New mortgage activity inched higher this past week with jumbo loans leading the gain. The boost in jumbo business was fueled by a drop in the spread between jumbo and conforming pricing. Demand for government-insured loans and adjustable-rate mortgages, however, turned lower. A sudden surge in long-term Treasury yields today points to higher mortgage rates and lower overall demand next week.
The volume of pricing inquiries pulled by the average originator was up 2 percent from last week, putting the U.S. Mortgage Market Index from Mortech Inc. and Mortgage Daily for the week ended July 27 at 241. Compared to a year earlier, business increased 5 percent.
At the head of the pack were jumbo loan inquiries, which increased 8 percent from the week ended July 20. The share of total activity that was for loans in excess of $417,000 grew to 9.1 percent from 8.6 percent seven days earlier.
Helping to enhance demand for jumbo mortgages was the jumbo-conforming spread, which narrowed to 77 basis points from 85 BPS in the prior report.
Refinances, the next strongest category, increased by 3 percent from last week and were up by over half from the week ended July 29, 2011. Refinance share crept up to 75.1 percent from 74.6 percent a week ago and soared from a little more than half in the same week last year. This week’s total share reflected a 62.1 percent rate-term share and a 13.0 percent cashout share.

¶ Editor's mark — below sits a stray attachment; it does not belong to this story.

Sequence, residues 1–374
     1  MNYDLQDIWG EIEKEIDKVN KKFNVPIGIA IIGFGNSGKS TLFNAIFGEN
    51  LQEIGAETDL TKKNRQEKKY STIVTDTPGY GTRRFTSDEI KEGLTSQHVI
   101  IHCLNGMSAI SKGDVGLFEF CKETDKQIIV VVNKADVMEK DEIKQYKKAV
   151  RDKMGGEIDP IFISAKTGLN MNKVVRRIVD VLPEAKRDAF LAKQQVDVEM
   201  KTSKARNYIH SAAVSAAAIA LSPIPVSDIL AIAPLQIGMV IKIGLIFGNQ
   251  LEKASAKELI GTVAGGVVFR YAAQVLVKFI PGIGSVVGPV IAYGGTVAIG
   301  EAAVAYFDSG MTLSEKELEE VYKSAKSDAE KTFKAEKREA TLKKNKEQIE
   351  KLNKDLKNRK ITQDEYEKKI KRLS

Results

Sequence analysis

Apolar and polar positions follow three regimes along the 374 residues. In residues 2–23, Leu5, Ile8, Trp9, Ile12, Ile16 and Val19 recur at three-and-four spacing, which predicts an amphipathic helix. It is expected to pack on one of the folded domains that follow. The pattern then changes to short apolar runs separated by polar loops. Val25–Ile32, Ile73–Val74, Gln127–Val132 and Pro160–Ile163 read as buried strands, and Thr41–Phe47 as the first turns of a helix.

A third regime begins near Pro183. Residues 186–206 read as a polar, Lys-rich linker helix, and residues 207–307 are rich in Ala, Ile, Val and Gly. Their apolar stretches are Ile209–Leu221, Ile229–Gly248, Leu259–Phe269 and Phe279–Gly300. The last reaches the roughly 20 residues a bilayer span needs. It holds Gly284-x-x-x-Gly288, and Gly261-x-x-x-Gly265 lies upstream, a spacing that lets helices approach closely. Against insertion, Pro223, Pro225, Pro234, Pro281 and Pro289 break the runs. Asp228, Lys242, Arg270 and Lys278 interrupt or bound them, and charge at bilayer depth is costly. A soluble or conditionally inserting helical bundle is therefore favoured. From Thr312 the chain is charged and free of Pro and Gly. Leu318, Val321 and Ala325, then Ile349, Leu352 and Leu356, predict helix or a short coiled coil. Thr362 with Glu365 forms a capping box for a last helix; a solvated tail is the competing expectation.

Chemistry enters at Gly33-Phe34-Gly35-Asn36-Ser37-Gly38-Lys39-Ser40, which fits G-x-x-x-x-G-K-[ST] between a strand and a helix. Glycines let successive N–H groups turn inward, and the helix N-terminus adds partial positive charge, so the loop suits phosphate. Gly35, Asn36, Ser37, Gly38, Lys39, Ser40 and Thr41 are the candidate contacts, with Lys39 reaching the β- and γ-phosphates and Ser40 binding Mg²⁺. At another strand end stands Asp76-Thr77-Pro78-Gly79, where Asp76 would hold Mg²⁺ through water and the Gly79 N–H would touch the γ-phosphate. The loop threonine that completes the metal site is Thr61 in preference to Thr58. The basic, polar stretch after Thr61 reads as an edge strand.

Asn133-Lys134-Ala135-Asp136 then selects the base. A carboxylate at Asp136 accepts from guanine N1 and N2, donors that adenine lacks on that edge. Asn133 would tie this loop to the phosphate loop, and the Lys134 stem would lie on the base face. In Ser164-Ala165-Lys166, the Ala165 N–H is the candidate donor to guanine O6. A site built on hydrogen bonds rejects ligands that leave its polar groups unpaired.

There was no week-over-week change in purchase activity, though purchase financing has plummeted 46 percent from 52 weeks prior.
Pricing inquiries for loans insured by the Federal Housing Administration fell 6 percent from the last report and were down 15 percent from this week in 2011. FHA share slipped to 9.9 percent from 10.7 percent and was down from 12.0 percent a year ago.
The worst-performing category this week was ARM activity, which fell 8 percent from last week. ARM business has tumbled 72 percent over the past 12 months. ARM share declined to 2.9 percent from 3.2 percent in the previous week. ARM share was down from 11.0 percent during the same week in the previous year.
Overall pricing inquiries strengthened on new lows for interest rates. The average 30-year fixed-rate mortgage was 3.554 percent in the latest report — the lowest on record since the Mortgage Market Index was launched in 2009. The 30 year was 3.631 percent a week earlier and 4.708 percent a year earlier.
Borrowers who opted for a 15-year loan this week were quoted rates that were 59 BPS better than 30-year rates. The spread between 15- and 30-year mortgages diminished from 65 BPS last week and 88 BPS a year prior.
It doesn’t look like rates will linger at their current lows based on an analysis of Treasury Market activity.
The yield on the benchmark 10-year Treasury note averaged 1.46 percent during the week covered by the Mortgage Market Index report — falling to a record low 1.43 percent on Wednesday — according to Treasury Department data
But investors retreated from Treasurys Friday as the stock market recovered on optimism about the European debt crisis — pushing the 10-year yield to 1.58 percent at today’s close. The movement in the 10-year yield suggests that rates could be around 12 BPS higher in next week’s report.